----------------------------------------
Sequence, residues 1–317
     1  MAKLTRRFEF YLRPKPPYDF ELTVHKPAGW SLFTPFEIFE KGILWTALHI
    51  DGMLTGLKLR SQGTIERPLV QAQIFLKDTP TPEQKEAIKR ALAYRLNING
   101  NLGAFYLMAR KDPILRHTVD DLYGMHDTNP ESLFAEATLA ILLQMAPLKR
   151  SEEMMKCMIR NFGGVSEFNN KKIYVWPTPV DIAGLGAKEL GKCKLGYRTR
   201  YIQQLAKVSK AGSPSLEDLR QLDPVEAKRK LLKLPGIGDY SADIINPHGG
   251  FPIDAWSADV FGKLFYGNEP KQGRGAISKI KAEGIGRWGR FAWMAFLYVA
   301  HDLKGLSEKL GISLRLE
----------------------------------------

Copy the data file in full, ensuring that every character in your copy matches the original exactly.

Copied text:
Sequence, residues 1–317
     1  MAKLTRRFEF YLRPKPPYDF ELTVHKPAGW SLFTPFEIFE KGILWTALHI
    51  DGMLTGLKLR SQGTIERPLV QAQIFLKDTP TPEQKEAIKR ALAYRLNING
   101  NLGAFYLMAR KDPILRHTVD DLYGMHDTNP ESLFAEATLA ILLQMAPLKR
   151  SEEMMKCMIR NFGGVSEFNN KKIYVWPTPV DIAGLGAKEL GKCKLGYRTR
   201  YIQQLAKVSK AGSPSLEDLR QLDPVEAKRK LLKLPGIGDY SADIINPHGG
   251  FPIDAWSADV FGKLFYGNEP KQGRGAISKI KAEGIGRWGR FAWMAFLYVA
   301  HDLKGLSEKL GISLRLE